Painted hull. In class, only Hatteras coats its hulls with polyurethane paint. Because gelcoat is porous it retains dirt which dulls the finish. Further, gelcoat oxidizes far faster than does polyurethane paint. All of this means that the finish on the GT63 will stay brighter and glossier longer, and will need a lot less maintenance. Paint is also far easier to repair.
Unique fuel tanks. Hatteras pioneered the development of fiberglass fuel tanks which are hard to make. In the case of the GT63 there is one large fuel tank with baffles in the keel of the boat which is an integral part of the hull. This gets weight as low as possible in the vessel, adds to stability, and creates an effective second bottom where the tank is located. In class only Hatteras tanks are UL approved.
Proven Carolina design. For over 80 years charter skippers on the famous Carolina Outer Banks made their living by taking anglers out to the continental shelf to catch big game. Many of these captains built their own boats in order to meet the demands of their very specialized profession. Their boats had to be fast and dry, seaworthy and sea-kindly, but also economical to operate. The Hatteras design team studied these boats and put their best attributes into the GT63.
The GT63 sharp entry slices through waves for a comfortable ride and her 8-degree deadrise at the transom gives her speed, fuel efficiency and added stability. Note that there are no engine room air intake openings in the hull side.
Tank tested hull. Truth be told, not many powerboat hulls are ever tank tested. The GT63's hull was tested at the world-famous Stevens Institute of Technology. Hatteras designers in collaboration with Donald L. Blount and Associates (arguably America's most famous and expert naval architects when it comes to powerboat hulls) have created a remarkable hull that I found to be both fast and comfortable.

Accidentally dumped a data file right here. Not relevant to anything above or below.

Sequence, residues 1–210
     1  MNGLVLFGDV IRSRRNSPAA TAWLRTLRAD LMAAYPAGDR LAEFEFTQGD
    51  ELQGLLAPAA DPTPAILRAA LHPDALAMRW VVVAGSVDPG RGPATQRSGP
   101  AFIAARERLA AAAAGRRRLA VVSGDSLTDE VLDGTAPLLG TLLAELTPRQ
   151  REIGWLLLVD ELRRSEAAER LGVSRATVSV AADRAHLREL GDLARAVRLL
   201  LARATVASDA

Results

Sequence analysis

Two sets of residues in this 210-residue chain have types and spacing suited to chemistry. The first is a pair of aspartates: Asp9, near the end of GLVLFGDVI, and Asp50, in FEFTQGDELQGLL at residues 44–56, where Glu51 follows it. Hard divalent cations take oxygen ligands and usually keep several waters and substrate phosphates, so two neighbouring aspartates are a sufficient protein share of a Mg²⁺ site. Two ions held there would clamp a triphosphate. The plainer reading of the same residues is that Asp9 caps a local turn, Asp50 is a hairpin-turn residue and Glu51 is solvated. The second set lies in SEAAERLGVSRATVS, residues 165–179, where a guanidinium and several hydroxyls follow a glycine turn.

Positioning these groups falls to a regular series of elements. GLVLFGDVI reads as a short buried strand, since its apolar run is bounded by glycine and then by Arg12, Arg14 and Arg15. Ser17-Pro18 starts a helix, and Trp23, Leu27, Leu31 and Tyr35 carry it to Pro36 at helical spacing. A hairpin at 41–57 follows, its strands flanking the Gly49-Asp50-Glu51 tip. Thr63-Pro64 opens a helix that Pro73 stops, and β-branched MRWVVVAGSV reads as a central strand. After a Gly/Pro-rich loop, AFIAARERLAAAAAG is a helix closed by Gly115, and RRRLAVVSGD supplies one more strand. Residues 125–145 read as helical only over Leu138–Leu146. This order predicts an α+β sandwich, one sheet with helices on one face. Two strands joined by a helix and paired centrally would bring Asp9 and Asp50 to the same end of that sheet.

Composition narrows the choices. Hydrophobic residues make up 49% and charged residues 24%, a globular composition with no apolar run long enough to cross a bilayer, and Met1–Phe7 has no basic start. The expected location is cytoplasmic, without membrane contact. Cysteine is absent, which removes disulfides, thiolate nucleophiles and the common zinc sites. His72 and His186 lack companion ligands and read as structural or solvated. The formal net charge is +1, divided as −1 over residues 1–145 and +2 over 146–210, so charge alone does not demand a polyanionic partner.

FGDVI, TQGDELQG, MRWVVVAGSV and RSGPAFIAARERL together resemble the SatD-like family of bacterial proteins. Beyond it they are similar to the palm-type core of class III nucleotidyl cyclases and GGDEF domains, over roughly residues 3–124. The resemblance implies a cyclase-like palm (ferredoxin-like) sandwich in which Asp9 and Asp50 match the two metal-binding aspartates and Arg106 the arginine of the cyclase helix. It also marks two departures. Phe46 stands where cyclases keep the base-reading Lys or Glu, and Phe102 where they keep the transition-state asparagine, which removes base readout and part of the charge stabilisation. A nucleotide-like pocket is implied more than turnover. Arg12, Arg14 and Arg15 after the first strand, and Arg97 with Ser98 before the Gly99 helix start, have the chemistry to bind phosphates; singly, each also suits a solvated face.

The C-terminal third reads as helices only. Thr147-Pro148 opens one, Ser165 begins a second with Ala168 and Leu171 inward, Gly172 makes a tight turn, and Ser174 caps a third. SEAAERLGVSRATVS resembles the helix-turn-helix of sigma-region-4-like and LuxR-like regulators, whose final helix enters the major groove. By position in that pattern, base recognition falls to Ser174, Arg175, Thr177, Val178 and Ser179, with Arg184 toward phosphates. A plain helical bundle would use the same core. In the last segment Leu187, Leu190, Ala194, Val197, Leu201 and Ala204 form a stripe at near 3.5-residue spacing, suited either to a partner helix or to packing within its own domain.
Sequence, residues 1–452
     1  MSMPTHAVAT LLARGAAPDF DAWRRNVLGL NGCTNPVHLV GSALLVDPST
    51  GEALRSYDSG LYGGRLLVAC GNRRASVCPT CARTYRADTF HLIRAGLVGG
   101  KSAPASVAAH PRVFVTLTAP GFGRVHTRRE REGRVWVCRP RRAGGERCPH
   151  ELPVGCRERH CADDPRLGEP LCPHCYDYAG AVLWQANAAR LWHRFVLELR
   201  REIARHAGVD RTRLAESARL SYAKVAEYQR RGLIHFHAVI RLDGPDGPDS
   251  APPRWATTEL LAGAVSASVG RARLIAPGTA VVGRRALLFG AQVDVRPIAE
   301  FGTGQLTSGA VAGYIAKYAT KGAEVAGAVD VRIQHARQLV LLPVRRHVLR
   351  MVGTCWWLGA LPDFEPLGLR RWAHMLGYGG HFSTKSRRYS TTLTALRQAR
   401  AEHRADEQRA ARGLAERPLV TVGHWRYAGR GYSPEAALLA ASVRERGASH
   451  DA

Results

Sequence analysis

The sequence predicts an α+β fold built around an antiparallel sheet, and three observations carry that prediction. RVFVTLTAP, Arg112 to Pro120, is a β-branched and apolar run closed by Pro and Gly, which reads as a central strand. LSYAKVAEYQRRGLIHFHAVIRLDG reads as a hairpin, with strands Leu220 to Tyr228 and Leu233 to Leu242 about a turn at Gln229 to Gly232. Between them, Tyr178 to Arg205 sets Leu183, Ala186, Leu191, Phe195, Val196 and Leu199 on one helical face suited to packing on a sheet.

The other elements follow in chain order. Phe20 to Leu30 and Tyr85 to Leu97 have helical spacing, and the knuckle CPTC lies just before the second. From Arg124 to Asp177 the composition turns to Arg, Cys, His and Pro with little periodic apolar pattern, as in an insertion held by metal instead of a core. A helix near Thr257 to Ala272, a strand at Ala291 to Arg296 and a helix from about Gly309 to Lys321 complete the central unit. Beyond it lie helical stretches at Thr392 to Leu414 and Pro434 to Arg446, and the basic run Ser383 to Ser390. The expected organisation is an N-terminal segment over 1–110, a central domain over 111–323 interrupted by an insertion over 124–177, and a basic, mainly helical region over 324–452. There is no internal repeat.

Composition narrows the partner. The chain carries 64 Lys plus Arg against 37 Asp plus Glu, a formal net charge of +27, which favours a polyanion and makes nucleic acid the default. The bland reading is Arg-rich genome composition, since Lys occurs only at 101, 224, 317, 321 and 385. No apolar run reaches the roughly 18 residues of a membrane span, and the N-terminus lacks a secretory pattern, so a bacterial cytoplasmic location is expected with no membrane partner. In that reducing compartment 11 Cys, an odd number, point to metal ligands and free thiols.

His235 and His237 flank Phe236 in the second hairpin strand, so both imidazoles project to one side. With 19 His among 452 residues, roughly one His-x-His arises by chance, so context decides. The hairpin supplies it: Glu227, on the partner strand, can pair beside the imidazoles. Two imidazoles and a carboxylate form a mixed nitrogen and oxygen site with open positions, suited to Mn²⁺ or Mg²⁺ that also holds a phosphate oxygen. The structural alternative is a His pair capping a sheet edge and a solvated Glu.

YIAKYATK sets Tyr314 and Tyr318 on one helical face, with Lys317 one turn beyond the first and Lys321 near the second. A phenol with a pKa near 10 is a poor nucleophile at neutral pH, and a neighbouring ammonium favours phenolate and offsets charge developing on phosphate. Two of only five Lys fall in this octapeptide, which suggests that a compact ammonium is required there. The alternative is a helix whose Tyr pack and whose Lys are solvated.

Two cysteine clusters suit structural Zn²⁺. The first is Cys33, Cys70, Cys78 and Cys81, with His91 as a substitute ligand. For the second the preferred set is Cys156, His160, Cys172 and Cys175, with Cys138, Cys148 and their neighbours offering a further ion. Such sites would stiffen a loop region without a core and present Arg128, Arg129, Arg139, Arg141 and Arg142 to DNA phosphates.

8-degree deadrise. The GT63's entry at the bow is as sharp as they come, but as the bottom moves aft it is warped from deep-V amidships to just 8-degrees at the transom. This gives the GT63 the flattest stern sections in class. These sections are one of the reasons that the boat can break the 40-knot barrier. They also make the boat a lot more stable both running and when at anchor. Because the forward sections take the seas and the stern is always fully immersed these aft sections have very little effect on riding comfort.
Engine room air intakes Notice that the GT63 does not have large openings in her hull sides for engine room air intakes. The conventional system is vulnerable to sloppy seas and salty mist that can play havoc in an engine room. Hatteras brings air to the engine room through the inside of the gunwales in the cockpit -- the most protected and dry areas of the boat.
Hatteras infrastructure. I cannot make a list of elements separating the GT63 from other boats in class without mentioning the engineering, technical staff, and shop floor personnel at Hatteras. They have an incredible depth of experience and that is why they had much to do with writing the ABYC standards that the entire U.S. boating industry uses as a building bible. The second part of the equation is expert and careful systems installations, which these days is one of the major aspects that defines one brand from another.
Performance and Handling
The Hatteras GT63 measures 63'10" (19.46 m) length overall with a 20’ (6.1 m) beam and a draft of 5' (1.5 m). Our test boat was fitted with a pair of CAT C32 ACERTs producing 1900-hp each.